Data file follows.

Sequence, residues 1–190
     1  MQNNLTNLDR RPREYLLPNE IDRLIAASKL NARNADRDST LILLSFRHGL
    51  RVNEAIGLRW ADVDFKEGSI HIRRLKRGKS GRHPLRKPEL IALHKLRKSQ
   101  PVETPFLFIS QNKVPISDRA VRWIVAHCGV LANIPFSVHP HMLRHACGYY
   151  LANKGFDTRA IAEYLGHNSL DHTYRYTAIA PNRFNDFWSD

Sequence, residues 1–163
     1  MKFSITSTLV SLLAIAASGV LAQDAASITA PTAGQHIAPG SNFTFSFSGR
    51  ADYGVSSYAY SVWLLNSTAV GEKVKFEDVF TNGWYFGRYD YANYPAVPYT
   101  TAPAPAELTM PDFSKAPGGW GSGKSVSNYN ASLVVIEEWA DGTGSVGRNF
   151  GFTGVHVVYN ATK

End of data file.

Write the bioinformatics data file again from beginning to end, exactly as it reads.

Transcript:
Sequence, residues 1–190
     1  MQNNLTNLDR RPREYLLPNE IDRLIAASKL NARNADRDST LILLSFRHGL
    51  RVNEAIGLRW ADVDFKEGSI HIRRLKRGKS GRHPLRKPEL IALHKLRKSQ
   101  PVETPFLFIS QNKVPISDRA VRWIVAHCGV LANIPFSVHP HMLRHACGYY
   151  LANKGFDTRA IAEYLGHNSL DHTYRYTAIA PNRFNDFWSD

Sequence, residues 1–163
     1  MKFSITSTLV SLLAIAASGV LAQDAASITA PTAGQHIAPG SNFTFSFSGR
    51  ADYGVSSYAY SVWLLNSTAV GEKVKFEDVF TNGWYFGRYD YANYPAVPYT
   101  TAPAPAELTM PDFSKAPGGW GSGKSVSNYN ASLVVIEEWA DGTGSVGRNF
   151  GFTGVHVVYN ATK